SAFFIYAH EDOO

When it comes to commemoration, March is a busy month on the local front. With International Women’s Day and Independence Day close to each other, opportunities are well taken by one and all to share opinions on same. In parallel, it is also a known fact that past those special days, except for the truly invested, everyone goes back to their business and the feminist and patriotic fibres are locked up, to be used the following year, during the same period.

The one commemoration day is beneficial on numerous levels: it allows for awareness, an opportunity to go back to the historical roots of the celebration as well as an occasion to educate younger generations about same. It is a conversation generator, be it in homes, offices, schools, on social media, and in the media. On the flip side, it is also an opportunity for recuperation by various groups: politicians, corporate companies and increasingly for commercial purposes.
Corporate companies have competed to showcase who is the better women employer and who is the best patriot, through their social media platforms. It seems that as years go by, the competition intensifies with the respective marketing teams coming up with the most original social media concept for these celebrations. With discounts in spas, roses being offered to women in the workplace, and women being pampered on International Women’s Day and the number of merchandises being sold for Independence Day, the essence of the celebrations might gradually be lost, and become similar to Mothers’ Day and Valentine’s Day.

On the occasion of International Women’s Day, politicians have delivered the perfunctory discourse “de circonstance” which ranged from the inclusion of women in politics (like we’ve never heard that before) to the blatant asking of votes for the coming elections, to the proposal of 9 months maternity leave, only to be ridiculously retracted a couple of days later. For Independence Day, they encouraged “unity in diversity” while shamelessly engaging into sectarian politics every other day.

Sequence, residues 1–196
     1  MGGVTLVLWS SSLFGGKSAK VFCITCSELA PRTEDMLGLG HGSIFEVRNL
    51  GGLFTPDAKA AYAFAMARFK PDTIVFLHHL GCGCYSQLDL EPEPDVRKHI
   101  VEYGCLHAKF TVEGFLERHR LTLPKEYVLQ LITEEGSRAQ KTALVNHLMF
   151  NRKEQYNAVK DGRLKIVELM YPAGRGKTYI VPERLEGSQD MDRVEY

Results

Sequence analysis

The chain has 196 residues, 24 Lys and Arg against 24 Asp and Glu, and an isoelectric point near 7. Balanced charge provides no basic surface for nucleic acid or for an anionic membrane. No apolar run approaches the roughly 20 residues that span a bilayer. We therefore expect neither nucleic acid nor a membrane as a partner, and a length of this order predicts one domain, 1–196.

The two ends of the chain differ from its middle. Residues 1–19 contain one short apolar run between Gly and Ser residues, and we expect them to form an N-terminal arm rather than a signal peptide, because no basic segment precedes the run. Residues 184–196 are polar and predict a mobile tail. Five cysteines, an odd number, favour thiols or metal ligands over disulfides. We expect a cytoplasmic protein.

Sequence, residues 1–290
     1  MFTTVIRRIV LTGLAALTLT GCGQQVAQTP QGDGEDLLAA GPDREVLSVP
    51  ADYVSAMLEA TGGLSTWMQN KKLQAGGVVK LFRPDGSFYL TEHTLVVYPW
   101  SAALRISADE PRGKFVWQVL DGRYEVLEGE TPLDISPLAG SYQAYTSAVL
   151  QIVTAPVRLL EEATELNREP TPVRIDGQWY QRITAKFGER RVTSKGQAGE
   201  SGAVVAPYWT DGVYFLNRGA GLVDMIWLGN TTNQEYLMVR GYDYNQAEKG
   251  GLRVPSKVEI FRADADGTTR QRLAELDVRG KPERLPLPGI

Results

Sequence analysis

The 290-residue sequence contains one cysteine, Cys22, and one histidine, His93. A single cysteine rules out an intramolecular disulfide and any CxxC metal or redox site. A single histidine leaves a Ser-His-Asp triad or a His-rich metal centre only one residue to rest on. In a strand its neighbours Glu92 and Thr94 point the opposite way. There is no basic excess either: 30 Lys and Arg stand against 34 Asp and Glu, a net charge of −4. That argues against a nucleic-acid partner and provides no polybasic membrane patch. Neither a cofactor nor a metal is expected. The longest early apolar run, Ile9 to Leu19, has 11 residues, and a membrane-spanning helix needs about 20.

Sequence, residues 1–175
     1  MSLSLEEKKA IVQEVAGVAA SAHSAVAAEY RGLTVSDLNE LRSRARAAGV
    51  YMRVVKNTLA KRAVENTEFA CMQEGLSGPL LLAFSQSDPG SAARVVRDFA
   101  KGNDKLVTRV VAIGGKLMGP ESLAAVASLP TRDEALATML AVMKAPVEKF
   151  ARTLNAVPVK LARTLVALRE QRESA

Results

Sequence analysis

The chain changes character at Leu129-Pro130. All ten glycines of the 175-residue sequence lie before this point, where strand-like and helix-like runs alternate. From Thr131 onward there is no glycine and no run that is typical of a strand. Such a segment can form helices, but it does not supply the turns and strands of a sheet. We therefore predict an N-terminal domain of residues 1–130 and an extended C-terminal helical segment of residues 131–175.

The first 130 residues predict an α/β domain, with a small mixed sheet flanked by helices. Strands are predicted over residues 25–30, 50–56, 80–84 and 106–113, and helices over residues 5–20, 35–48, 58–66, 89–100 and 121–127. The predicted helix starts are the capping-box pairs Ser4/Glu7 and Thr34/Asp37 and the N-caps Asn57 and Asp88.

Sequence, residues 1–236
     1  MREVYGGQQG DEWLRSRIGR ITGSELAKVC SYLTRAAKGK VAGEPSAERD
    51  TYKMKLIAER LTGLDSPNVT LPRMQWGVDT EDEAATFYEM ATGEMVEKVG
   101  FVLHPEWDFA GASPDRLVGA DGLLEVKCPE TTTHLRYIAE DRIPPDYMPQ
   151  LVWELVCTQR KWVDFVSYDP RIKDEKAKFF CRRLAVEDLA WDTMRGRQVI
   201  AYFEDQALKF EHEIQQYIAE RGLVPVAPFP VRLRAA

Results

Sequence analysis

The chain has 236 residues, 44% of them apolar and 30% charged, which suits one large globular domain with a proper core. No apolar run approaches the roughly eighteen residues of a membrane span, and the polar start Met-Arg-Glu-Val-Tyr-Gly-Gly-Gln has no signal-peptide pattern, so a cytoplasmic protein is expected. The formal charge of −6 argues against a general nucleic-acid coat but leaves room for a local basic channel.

For the reasons above, an important question begs itself: what is done from one commemoration day to the other? Is being patriot or a supporter of women limited to one day? What actions are carried out throughout the year to sustain such actions? How far do corporate companies go to make the workplace a better support system for pregnant or lactating women, or parents in general, all year round? How inclusive are corporate companies with regard to the employment of the disabled, the elimination of racial and gender prejudice and discrimination? What is being done on the political front without reducing women to a quota that needs to be respected?

The real challenge, in fact, lies with the emerging generation. They are being exposed to all these discourses and will only make what they are taught and perceive of them. Which is why, it is all the more important to start conversations on the importance of and the roots of these commemorative days and turn these conversations into everyday actions, undertaken by young and old, collectively. Once these actions become part of everyday life, it is only a matter of time before patriotism and gender equality and respect become the norm and not limited to special commemorative days to be recuperated by self-serving agendas.